Drug addicts are always picked on in times of anxiety and so it is today. The hardline right-wing approach is seen at its most extreme in the war on drugs waged by President Duterte of the Philippines and condemned by Catholic bishops. After he was elected last year Duterte visited a slum in Manila and said: “If you know of any addicts, go ahead and kill them yourself.” More than 7,000 have been murdered by police and vigilantes.

In the West – in the US particularly – the worry is over the heavy use of opioids, both painkillers too freely prescribed and illegal heroin. What to do about it? Conservative commentators like the American Christopher Caldwell think the answer is to get tough – on users as well as dealers.

Drugs have always been the bane of society, says Caldwell in First Things, and he claims that “the tally of wrecked middle-class families and lives was already high by the time Congress passed the Harrison Narcotics Tax Act in 1914”.

But that is not true. What there was in 1914 was a lot of hysteria and prejudice – like the belief that cocaine caused “negroes” to rape white women or the irrational fear of Chinese opium dens.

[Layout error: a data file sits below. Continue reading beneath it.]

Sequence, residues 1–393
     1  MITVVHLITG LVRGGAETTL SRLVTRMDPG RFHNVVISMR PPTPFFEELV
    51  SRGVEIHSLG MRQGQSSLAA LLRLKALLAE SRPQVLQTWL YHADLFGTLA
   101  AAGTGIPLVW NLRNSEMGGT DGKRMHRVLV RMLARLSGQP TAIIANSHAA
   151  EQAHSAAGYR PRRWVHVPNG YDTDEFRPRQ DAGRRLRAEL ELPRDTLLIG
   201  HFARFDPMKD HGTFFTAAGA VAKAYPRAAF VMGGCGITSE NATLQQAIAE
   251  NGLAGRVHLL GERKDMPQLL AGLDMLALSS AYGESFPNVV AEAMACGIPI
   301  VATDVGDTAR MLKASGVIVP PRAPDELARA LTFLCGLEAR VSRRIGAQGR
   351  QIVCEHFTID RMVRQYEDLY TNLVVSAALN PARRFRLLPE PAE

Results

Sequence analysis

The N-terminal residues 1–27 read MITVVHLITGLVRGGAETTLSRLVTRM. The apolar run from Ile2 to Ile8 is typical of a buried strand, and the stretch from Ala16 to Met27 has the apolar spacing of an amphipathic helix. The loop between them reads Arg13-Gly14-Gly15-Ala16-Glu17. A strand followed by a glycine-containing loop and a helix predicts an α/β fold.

As the academic Virginia Berridge showed some years ago in her exhaustive study Opium and the People, the clamping down through legislation at the time of the First World War was tied up with global politics and the desire to control the opium trade in the Far East, as America expanded its interests into that region. It was convenient to characterise addiction as a medical and social problem.

Before that, Berridge says, throughout the late 17th, 18th and 19th centuries, opiates were freely available over the counter in powder, pill or liquid form (laudanum was invented by Thomas Sydenham in the 1660s). They were used to varying degrees in all levels of society.

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